Travel Report: The Linga Temples, Koh Ker.
The Linga Temples, Koh Ker, Cambodia.
After the breathtaking majesty of Koh Ker’s pyramid temple at Prasat Thom, I imagine some people might be a bit disappointed by The Linga Temples. In fact, this collection of five single-chamber structures is entirely understated in comparison.
Nevertheless, I was fascinated and charmed by the three Linga Temples we visited. Our first stop was Prasat Linga I, just a few minutes drive from Prasat Thom. Like all three temples, it sits perfectly alone in a sandy clearing, surrounded by lush green woodland.
Also known as Prasat Balang, this sandstone structure is the largest of Koh Ker’s Linga Temples. Having made a quick circuit of the exterior, we sought shelter under the large, pretty tree that protected us from the ferocity of the afternoon sun.
The Linga Temples, Koh Ker.
Entrance to the tiny chamber comes via a short staircase. As soon as you enter, you find yourself face to face with a commanding linga, one of the biggest and best preserved in the country.
The linga (or lingam) is a complex symbol of Hinduism associated with the supreme god Shiva. According to Hindu scriptures, it represents male creative energy. Now I know what you’re thinking at this point. The linga looks a bit like a penis, right? Well actually yeah, the linga has a long tradition as a phallic symbol.
Moreover, the flat stone base on which the linga stands is called The Yoni, a symbol of the Goddess Shakti. When put together, the linga and the yoni represent the union of feminine and masculine principles. Pretty deep.
As with all the temples we visited across Koh Ker that day, the place was perfectly empty and silent. However, somebody had obviously checked in before us, as there were a number of burning candles and incense sticks.
Visit Koh Ker.
The next linga temple is just thirty seconds down the road in the car. We could have easily walked, but it was scorching hot and the driver insisted we jump back in.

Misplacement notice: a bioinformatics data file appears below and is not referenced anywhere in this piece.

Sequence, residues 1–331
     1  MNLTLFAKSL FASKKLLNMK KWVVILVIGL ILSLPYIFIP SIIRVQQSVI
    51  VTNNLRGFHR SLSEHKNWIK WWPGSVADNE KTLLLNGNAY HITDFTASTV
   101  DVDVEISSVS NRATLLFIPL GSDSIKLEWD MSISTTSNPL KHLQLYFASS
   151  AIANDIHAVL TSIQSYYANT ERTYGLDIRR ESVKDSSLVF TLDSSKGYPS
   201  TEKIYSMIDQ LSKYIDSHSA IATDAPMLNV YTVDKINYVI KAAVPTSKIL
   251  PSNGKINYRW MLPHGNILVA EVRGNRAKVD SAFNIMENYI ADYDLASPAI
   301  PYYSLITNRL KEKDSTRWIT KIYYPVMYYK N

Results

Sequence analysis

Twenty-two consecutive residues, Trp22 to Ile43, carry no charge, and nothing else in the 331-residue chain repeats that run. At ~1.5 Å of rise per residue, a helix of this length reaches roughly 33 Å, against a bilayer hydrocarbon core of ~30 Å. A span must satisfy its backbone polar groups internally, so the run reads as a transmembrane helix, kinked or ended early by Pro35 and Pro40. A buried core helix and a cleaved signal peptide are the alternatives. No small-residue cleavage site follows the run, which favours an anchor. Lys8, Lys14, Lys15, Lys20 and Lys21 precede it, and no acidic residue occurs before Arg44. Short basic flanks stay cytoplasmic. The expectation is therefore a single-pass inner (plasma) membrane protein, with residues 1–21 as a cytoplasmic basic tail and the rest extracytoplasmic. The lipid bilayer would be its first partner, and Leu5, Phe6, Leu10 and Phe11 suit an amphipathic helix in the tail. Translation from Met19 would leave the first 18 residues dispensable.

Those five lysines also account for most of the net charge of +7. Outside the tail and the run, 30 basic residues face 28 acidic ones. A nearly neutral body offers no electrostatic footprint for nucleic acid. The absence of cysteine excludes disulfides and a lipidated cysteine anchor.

Here the chamber was noticeably bare, with no candles, incense sticks or offerings of any kind. In addition to its Shiva connections and notions of fertility, the linga stands for supreme royal power. Which is possibly why King Jayavarman IV had them built.
Heading back to our vehicle, I realised we had company. He was sitting on the wooden fence by the entrance, barefoot and worryingly scrawny. “Local boy!” laughed our driver. “His parents in forest, look for the buffalo”.
Although very shy and seemingly mute, the boy never once took his eyes off me. When I shot him a cheery hello, he responded with the faintest trace of a smile. And he was still staring at us as we sped off.
The Linga Temples, Koh Ker.
Our final linga structure, Prasat Linga 3, was much more ruinous than the others. Indeed one of its walls had completely collapsed, a stream of rubble spilling out onto the grass.
In order to access its shrine, I had to pick a precarious path up the rubble. Inside, I found a battlefield of fallen rocks and columns. Furthermore, the linga itself was heavily damaged and unreachable.
At the side of the temple there were more ruins, including this platform of embedded rocks and toppled lingas. Nearby, we found a giant anthill fortress. Upon closer inspection, I spotted a large, black spider moving between the holes, presumably up to no good.
An opportune moment, we concluded, to move on. The Linga Temples had proved a fascinating change of pace to the day’s exploring. Happily, there were plenty more delights to come. If you want to visit Koh Ker, bear in mind that you can’t gain access with The Angkor Pass. Instead, there’s a separate entry fee before you enter the forest. Tickets go for $15 per person.
Check out more of my reports from The Temples of Koh Ker.
You can also read my articles from the amazing Temples of Angkor.
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Such an interesting area where you visited. Very historic site to see. I love the photo of the young boy.
Thanks for stopping by and leaving a comment, Anita.
Well youve done it again. this group of cambodian temples seem every ounce the equal of angkor with the added bonus of being totally off the grid. have not been online recently but catching up with all your posts today. i was not familiar with the linga, amazing stuff and wowza all that sexual imagery
Thanks Stan, it’s great to have you back. They are such modest structures, but what they lack in size or grandeur they definitely make up for in charm and personality. The linga is such a weird and wonderful thing and it was a privilege to be able to tour these ancient temples.
These are lesser known yet interesting monuments, at least their small size makes them easy to visit. Thanks for the presentation.